Rectangles are considered different if they vary in size or have different locations. How many different rectangles can be drawn on a chessboard?
How could Penny, Tom and Matthew work out how many chocolates there are in different sized boxes?
Imagine a large cube made from small red cubes being dropped into a pot of yellow paint. How many of the small cubes will have yellow paint on their faces?
Square numbers can be represented as the sum of consecutive odd numbers. What is the sum of 1 + 3 + ..... + 149 + 151 + 153?
The sum of the numbers 4 and 1 [1/3] is the same as the product of 4 and 1 [1/3]; that is to say 4 + 1 [1/3] = 4 × 1 [1/3]. What other numbers have the sum equal to the product and can this be so for. . . .
If you can copy a network without lifting your pen off the paper and without drawing any line twice, then it is traversable. Decide which of these diagrams are traversable.
Can you work out how to win this game of Nim? Does it matter if you go first or second?
Take a look at the multiplication square. The first eleven triangle numbers have been identified. Can you see a pattern? Does the pattern continue?
Imagine starting with one yellow cube and covering it all over with a single layer of red cubes, and then covering that cube with a layer of blue cubes. How many red and blue cubes would you need?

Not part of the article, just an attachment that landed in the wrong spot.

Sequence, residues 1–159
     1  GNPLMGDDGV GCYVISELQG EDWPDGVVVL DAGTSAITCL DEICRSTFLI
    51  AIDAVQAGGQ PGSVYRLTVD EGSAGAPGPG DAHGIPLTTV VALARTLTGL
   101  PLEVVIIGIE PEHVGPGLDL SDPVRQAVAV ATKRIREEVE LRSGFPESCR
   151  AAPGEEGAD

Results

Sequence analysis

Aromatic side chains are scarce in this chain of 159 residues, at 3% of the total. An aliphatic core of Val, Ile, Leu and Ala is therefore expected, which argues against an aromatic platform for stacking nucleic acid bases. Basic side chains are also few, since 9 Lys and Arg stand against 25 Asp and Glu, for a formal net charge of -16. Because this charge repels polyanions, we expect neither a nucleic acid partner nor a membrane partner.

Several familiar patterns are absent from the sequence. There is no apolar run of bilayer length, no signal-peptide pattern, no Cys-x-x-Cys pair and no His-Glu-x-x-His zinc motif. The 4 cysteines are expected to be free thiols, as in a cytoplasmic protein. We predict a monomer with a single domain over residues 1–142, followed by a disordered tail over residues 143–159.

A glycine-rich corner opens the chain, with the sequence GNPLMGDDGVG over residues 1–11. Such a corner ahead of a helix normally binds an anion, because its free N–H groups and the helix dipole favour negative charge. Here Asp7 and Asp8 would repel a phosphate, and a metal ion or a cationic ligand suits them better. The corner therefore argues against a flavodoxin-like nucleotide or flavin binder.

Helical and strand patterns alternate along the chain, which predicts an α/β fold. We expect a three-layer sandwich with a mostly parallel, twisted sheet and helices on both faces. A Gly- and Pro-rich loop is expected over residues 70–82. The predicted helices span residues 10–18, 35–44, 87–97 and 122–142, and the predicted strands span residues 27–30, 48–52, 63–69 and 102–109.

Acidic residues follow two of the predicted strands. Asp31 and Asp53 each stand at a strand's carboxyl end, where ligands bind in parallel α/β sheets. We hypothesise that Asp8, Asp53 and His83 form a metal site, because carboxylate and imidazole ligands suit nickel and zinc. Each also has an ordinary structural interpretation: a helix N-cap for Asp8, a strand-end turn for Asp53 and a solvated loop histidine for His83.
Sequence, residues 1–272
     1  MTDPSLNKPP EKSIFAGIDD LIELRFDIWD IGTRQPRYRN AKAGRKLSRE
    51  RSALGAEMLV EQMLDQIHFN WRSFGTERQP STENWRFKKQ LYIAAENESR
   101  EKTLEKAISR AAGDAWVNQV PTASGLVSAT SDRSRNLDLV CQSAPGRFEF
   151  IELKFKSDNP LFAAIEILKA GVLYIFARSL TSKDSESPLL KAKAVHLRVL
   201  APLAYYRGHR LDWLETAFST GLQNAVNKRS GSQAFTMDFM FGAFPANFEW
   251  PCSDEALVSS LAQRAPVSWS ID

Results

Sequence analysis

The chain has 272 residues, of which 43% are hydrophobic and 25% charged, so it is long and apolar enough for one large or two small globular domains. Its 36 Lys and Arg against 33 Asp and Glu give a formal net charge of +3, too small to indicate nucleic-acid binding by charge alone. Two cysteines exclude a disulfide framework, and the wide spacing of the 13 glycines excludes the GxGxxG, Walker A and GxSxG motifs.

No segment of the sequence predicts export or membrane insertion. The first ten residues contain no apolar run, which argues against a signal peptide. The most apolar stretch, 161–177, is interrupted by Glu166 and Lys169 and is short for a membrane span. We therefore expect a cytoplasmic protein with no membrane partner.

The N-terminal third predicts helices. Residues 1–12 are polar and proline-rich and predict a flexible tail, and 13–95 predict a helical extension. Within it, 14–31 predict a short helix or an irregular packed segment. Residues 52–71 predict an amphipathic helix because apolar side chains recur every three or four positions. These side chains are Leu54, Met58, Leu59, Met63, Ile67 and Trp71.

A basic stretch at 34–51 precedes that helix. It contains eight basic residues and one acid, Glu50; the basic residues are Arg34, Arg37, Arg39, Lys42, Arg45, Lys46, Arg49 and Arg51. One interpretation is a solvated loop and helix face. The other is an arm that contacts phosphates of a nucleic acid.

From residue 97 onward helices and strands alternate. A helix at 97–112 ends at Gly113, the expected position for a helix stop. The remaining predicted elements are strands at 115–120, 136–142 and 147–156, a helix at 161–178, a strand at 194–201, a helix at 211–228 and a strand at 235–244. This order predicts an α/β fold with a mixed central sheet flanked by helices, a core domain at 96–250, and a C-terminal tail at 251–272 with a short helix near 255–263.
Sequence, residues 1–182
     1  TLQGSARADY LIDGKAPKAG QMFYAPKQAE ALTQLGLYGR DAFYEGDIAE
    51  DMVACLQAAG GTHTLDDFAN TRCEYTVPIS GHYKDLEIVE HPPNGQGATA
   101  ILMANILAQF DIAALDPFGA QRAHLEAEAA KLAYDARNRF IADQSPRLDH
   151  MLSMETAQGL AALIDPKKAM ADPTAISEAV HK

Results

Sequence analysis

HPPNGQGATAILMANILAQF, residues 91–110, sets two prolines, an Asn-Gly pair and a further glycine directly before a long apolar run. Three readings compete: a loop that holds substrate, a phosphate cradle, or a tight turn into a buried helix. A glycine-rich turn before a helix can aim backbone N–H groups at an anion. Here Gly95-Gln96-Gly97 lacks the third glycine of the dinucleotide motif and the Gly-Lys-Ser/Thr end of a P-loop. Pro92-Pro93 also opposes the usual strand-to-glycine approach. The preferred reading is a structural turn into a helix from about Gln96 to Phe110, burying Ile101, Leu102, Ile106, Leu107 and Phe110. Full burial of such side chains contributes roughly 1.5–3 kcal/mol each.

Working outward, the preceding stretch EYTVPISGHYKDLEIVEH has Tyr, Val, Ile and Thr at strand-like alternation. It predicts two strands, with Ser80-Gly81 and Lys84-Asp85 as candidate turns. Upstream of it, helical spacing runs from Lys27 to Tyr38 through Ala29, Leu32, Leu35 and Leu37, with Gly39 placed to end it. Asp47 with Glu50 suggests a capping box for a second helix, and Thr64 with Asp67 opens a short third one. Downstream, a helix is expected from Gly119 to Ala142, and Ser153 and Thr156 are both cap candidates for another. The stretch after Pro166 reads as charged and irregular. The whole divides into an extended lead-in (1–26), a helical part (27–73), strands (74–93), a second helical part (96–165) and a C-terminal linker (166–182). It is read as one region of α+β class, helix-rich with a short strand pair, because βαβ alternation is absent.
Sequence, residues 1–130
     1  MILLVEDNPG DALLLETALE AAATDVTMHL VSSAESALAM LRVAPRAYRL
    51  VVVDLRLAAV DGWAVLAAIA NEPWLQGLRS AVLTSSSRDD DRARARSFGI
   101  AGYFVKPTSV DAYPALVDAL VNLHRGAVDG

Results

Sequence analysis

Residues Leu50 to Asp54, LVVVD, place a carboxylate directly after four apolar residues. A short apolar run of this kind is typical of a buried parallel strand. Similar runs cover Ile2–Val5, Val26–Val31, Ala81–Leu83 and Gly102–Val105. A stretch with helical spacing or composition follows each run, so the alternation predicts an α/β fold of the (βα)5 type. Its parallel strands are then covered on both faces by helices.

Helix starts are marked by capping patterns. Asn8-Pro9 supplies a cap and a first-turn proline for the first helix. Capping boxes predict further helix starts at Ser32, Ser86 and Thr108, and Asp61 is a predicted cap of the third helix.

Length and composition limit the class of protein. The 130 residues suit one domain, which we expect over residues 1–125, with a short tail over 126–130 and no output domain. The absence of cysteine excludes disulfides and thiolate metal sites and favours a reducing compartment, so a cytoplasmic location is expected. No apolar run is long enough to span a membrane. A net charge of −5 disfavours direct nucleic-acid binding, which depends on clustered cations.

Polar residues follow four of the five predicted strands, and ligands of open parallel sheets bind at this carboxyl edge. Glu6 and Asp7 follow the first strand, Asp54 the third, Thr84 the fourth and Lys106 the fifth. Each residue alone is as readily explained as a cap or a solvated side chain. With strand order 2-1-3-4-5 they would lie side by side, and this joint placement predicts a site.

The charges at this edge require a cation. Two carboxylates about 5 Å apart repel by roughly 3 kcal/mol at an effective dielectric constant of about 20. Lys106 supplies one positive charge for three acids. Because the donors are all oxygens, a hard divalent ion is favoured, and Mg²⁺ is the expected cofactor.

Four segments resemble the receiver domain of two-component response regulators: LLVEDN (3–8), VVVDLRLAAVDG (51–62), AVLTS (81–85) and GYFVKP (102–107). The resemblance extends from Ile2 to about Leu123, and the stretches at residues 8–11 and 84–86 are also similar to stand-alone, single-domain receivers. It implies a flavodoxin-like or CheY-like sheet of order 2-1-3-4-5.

Four bags contain a large number of 1s, 3s, 5s and 7s. Pick any ten numbers from the bags above so that their total is 37.
Can you find an efficient method to work out how many handshakes there would be if hundreds of people met?
Can you describe this route to infinity? Where will the arrows take you next?
A little bit of algebra explains this 'magic'. Ask a friend to pick 3 consecutive numbers and to tell you a multiple of 3. Then ask them to add the four numbers and multiply by 67, and to tell you. . . .
What would be the smallest number of moves needed to move a Knight from a chess set from one corner to the opposite corner of a 99 by 99 square board?
Can you explain how this card trick works?
Can you dissect a square into: 4, 7, 10, 13... other squares? 6, 9, 12, 15... other squares? 8, 11, 14... other squares?